The brutal summer heat that has blanketed the Southwest into Texas and down to South Florida will expand to other parts of the country, first into the central United States and then farther east.

On Tuesday, the heat will move into the central United States with temperatures 10 to 20 degrees above normal. Heat index readings, which consider both temperature and humidity, will reach into the 100s. About 55.2 million people — 17 percent of the population of the contiguous United States — live in the areas expected to have dangerous levels of heat.

By Thursday and Friday, temperatures and humidity levels will rise in the Mid-Atlantic and Northeast, causing sweatier-than-normal conditions.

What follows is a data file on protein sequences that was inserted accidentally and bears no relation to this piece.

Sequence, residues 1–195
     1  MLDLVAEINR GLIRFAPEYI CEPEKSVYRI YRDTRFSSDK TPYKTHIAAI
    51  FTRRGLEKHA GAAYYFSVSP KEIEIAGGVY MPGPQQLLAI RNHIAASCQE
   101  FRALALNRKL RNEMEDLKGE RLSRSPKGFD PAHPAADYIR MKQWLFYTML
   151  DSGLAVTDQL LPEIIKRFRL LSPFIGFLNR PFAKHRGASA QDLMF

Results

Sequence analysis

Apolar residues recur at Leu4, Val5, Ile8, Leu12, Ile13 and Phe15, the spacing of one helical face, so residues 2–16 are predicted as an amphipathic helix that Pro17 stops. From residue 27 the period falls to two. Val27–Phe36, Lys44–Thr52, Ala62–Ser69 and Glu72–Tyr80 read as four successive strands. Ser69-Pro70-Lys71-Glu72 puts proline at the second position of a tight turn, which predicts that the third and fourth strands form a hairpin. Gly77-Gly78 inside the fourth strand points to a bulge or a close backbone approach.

Yes, but probably not soon.

For weeks, the culprit in the Southwest has been a “heat dome” of high pressure. As it shifts east, temperatures in the region may ease by the weekend, but not before setting more records. Forecasters warn that Phoenix is likely to extend a streak of hitting at least 110 degrees, which is currently at 24 days.

Record streaks in the desert Southwest may come to an end this weekend or early next week, with forecast models hinting that temperatures may return to normal summertime readings.

But in the Central Plains and across the Southeast, forecasters see a moderately high likelihood of above-average temperatures next week. — Judson Jones and John Keefe